Perhaps the reason so many people ask you about the Fritzl case is because it represents a threat to the Midwest's proud reputation of having producing some of the most colorful serial killers the world has seen (arguably only California can give the Midwest a real run for its money in producing that much crazy per unit of population). Alternatively (or in addition), our strong propensity for our own brand of crazy naturally makes us interested in how other people are doing it. Make the reputation work for you rather than against you, as we do: "Something in the water here in the Midwest makes folks wanna sodomize and eat young boys, but my only vice is smoking too much. See how swell I am? Praise me." In your case, try stressing the fact that nobody's locked up in your basement and people will be quite impressed.

The Austrian said...

I guess I better start smoking again too!

contrarybear said...

And *I* probably ought to let that family escape from the basement storage room. They complain too much anyway.

Qui Tacet Consentire said...

I know; Austria's reputation abroad annoys me. Why can't I be Finnish, or Danish? Nobody has a problem with the Finns, or the Danes. In fact, everywhere I go I hear people swooning about Finland, Denmark, even Iceland and most Scandinavian countries. Either that, or they don't know much about these countries, so generally don't have any pre-conceptions.

As an Austrian however, that's all different. Though I haven't thankfully heard any of the things you mentioned in your post when I'm abroad (or well.. not thusfar, and the people were probably only being polite, and were thinking it anyway xD), it seems like people are pretty hard-pressed to say anything good about it, what I get often is "I went skiing there". Congrats. Who cares.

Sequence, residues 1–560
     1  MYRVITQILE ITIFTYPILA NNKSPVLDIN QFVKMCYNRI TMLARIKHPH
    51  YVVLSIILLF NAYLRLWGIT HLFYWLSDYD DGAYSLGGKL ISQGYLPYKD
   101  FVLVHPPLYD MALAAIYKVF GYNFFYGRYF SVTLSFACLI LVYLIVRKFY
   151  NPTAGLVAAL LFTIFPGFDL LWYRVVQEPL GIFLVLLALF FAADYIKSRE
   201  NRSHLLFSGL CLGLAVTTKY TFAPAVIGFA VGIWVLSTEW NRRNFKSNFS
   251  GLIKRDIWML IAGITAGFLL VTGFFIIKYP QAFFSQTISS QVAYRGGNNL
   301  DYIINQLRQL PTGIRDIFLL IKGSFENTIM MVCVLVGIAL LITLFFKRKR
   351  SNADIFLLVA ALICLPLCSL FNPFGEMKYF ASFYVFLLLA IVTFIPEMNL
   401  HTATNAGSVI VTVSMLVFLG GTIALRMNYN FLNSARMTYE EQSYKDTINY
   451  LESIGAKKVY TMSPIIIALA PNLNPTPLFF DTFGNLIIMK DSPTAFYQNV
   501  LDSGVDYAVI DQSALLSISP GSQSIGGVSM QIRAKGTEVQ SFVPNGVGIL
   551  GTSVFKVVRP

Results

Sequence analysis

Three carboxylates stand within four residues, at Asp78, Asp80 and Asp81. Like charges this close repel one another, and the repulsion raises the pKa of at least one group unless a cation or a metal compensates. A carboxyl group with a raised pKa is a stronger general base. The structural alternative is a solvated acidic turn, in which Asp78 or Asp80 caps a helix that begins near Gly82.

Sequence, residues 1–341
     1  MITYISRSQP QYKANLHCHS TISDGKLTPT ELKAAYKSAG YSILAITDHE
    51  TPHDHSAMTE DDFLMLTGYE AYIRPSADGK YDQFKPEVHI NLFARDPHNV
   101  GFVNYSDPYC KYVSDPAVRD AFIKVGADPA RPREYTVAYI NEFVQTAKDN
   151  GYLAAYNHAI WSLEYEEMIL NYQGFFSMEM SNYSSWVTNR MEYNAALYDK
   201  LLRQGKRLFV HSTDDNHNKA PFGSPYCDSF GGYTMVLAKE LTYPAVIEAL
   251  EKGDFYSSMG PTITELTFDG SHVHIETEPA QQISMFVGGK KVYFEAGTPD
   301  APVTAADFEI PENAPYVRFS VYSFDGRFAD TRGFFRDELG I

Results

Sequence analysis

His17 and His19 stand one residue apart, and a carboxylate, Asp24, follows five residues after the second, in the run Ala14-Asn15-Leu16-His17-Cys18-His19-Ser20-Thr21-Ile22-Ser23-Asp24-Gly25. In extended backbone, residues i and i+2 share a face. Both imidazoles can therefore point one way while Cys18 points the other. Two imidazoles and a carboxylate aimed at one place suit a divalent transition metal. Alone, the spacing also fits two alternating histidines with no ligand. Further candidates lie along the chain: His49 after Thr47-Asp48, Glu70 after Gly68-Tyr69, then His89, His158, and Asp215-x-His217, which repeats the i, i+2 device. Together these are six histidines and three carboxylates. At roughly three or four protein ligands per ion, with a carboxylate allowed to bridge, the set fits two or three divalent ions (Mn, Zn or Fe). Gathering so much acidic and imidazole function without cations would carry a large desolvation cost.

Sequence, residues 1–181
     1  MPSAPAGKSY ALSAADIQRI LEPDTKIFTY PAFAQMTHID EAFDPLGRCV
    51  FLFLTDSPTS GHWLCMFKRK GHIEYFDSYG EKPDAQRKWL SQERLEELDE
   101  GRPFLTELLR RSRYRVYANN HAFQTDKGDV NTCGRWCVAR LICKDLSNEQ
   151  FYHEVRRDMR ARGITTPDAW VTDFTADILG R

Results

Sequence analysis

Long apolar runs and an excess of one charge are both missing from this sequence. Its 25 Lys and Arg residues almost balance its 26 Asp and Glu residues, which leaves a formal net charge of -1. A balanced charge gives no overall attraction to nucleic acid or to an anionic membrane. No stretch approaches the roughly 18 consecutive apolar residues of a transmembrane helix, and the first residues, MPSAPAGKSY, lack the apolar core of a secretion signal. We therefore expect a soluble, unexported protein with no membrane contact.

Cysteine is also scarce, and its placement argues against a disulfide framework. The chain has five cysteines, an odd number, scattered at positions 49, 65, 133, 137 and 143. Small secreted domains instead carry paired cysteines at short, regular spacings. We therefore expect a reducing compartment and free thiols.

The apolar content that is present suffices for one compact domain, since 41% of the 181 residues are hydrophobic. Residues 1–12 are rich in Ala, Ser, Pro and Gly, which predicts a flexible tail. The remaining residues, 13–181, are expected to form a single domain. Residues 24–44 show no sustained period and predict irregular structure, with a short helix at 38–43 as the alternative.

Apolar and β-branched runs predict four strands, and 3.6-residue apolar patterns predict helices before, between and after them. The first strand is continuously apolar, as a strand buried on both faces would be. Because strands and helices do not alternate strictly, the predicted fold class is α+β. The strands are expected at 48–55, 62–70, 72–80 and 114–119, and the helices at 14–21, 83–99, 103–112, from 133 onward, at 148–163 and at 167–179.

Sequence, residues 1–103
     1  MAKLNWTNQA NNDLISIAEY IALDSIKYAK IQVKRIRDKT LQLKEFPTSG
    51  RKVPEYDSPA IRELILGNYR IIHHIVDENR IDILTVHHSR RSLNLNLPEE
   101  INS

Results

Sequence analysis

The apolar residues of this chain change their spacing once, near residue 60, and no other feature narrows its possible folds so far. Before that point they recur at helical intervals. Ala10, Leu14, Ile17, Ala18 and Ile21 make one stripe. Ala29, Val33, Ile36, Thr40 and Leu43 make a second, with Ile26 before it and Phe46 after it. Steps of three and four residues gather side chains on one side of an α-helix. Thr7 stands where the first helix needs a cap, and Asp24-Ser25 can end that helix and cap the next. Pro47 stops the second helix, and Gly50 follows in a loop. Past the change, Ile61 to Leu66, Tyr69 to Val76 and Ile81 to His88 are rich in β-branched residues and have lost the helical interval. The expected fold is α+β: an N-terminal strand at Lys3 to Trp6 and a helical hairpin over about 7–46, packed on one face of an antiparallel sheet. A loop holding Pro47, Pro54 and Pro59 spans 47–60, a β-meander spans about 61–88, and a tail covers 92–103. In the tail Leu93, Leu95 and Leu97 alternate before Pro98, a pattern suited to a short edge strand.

I don't have an Austrian accent and I'm proud of that. Maybe that'll make moving to Canada one day easier :D Talk about moving... how did you manage to move to and live in Chicago? What's always annoyed me about some people is how they tell of their life and list things as being completely ordinary while never bother explaining how the hell they were fortunate enough to get it done in the first place; moving to places like Canada and America are prime examples of that. How often have I heard "Then I finished school in Poland, worked for one year, moved to America..." HOW? Can you just finish studying, then *magic magic* you can just move to and settle in another country?

I'll probably be like 40 before I have the required education and work experience to move to a country that isn't in the EU, and by then I'll be too f'cking crusty and old to enjoy it. I want to spend my YOUTH somewhere else! I f'cking hate europe. And the countries in europe that I do like speak a language I can't understand. >:3

The Austrian said...

How can you hate Europe? I mean, it's not like it's all the same ... I would even go as far to say that every part of Europe is quite different.

I lived in the Netherlands for 7 years - this is where I met my husband who happens to be American and wanted to move back to the US eventually. We were together for 4 years (and, well, married) before we moved back on a spouse visa. I didn't plan to move to America. I was going to move to London. But I like it in the US.

If you want to move to Canada there is a special work/travel visa that allows you to live in Canada for 2 years. It is very similar to the Australian work/travel visa. Check it out.

In many countries in Europe you don't need to speak any languages but English and it's quite an advantage to be a native German speaker. Holland is one of those countries. You'll get a job in a day there and it's such an international flair there with an amazing amount of expatriates living in Amsterdam, Rotterdam, The Hague, Delft and Leiden. There are also national companies hiring German speakers in the UK (especially Edinburgh which is a fantastic place) and in Spain (Madrid and Barcelona).

If you want to leave Austria. Leave. I was 19, had less than 100 Euros in my pocket and just left. People always find excuses why they can't leave but it's really not that difficult.

Oh and about the accent - you might be right and you don't have an accent but I would suggest to wait until you meet some Americans who have only heard people from the area they are from. They WILL ask you where you are from. If it happens to my American husband, it will happen to you. Just don't want you to be disappointed.